When the weather turns colder, it is time to start using the fireplace or wood-burning stove again. However, certain safety measures should be taken into consideration during fireplace season. Bart Fireside would like to tell you more about wood-burning stove and fireplace safety. We like to educate our customers to help them prevent disasters like a house fire or a carbon monoxide leak. The United States Fire Administration (USFA) and the Federal Emergency Management Agency (FEMA) have released an educational brochure with important winter fire safety tips, and we would like to share these tips with you.
Schedule an annual chimney sweeping and inspection, preferably right before fireplace season begins.
This tip ranks high in fire safety importance as having your chimney swept and inspected before winter will ensure your chimney is free from hazardous and combustible creosote deposits. A natural residue from the byproducts of combustion, creosote forms during the condensation process and builds up on the interior walls of your chimney. Creosote deposits are one of the main causes of chimney fires. A pre-winter chimney inspection is equally important to check the components of your chimney to see if any essential repairs are needed.
Be sure your fireplace or stove has been properly installed.
If you have a wood-burning stove, it should have a clearance of at least 36 inches from combustible surfaces. Wood-burning stoves also require proper floor support and protection. Bart Fireside recommends you have your fireplace and your wood-burning stove professionally installed to ensure these fire safety measures are met.
Install glass fireplace doors or place a metal screen in front of your fireplace.
Glass doors and metal screens can prevent fires by keeping hot sparks and embers inside your fireplace instead of jumping out into your living space and possibly causing a fire. They also prevent objects from falling into the fireplace and protect people and animals from getting burned by the fire.
Before you go to sleep, be sure the fire in your fireplace is out.
If any hot ashes remain, you should never close the damper. Closing the damper allows the fire to heat up again, and this will force poisonous carbon monoxide back into your home. If the damper is closed, the toxic gas has no other means of escape.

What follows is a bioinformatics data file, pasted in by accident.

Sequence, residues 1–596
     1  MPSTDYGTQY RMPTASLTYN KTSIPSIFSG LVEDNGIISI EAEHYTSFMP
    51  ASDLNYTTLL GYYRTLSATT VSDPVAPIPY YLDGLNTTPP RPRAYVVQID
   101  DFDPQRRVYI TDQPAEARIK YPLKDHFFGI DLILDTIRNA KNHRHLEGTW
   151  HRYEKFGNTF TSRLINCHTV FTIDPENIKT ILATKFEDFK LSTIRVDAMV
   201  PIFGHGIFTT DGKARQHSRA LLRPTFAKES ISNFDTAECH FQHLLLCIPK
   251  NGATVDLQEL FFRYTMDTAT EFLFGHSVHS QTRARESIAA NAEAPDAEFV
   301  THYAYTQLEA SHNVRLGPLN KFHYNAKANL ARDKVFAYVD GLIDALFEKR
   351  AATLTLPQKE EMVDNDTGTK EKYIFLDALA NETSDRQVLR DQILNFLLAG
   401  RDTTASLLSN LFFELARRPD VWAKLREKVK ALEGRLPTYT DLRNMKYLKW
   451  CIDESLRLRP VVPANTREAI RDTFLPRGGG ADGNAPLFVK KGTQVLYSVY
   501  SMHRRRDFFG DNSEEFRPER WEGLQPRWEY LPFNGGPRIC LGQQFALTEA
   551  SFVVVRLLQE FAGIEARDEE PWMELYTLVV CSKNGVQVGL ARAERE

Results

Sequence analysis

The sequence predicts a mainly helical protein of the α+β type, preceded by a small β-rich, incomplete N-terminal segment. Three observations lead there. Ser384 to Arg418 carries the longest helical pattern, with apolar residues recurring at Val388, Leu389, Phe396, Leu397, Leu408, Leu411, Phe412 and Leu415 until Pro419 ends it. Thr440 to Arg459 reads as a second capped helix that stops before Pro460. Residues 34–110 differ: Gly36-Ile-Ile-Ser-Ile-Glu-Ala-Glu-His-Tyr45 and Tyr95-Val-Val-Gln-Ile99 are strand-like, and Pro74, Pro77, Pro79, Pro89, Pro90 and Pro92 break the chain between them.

When you use synthetic logs, always follow the manufacturer’s instruction.
You should never break a synthetic log in an attempt to get the fire to start more quickly. You should also only use one of these logs at a time because they often do not burn evenly, which causes them to release higher levels of carbon monoxide.
Never overbuild your fire.
Using excessive amounts of paper to get a roaring fire going can be a fire hazard. Overbuilding a fire can cause creosote deposits in your chimney to ignite and start a chimney fire.
Want to learn more fire safety tips for the winter? Contact Bart Fireside to find out more ways you can prevent hazards during the cold months.
I do love lighting the fire, sgneulgd up all cosy and watching a movie ..until someone has to go out and fetch more logs, that’s when the arguements start LOL
A couple of years ago you send Mike Williams out to fix our gas log. He did a great job and we want to refer him to friends of ours but he only left a partial phone no: on our bill. What’s his phone number or should we just tell our friends to call Barts?
Apologies, no one was monitoring this account before now. We help Mike with scheduling, so feel free to call us at 803 772 7364 if you still need Mike’s services.
Great post, I think for prevention of fire to make sure smoke detectors and carbon monoxide detectors are working.
You couldn’t be more right about that – we recommend smoke detectors in every bedroom and a carbon monoxide detector in any room with a gas-burning appliance in addition to in all bedrooms. Most importantly, like you said, is to ensure the ones you have work by testing function monthly and changing batteries at the very least on a yearly basis.
I really liked your post. Fire safety is a major concern as every year more than 4,000 people die due to fire accidents in U.S. You have already mentioned all the safety tips that one must follow in case of fires. I would like to add one more that is shut down the main power source safely as fire and electrical safety are related.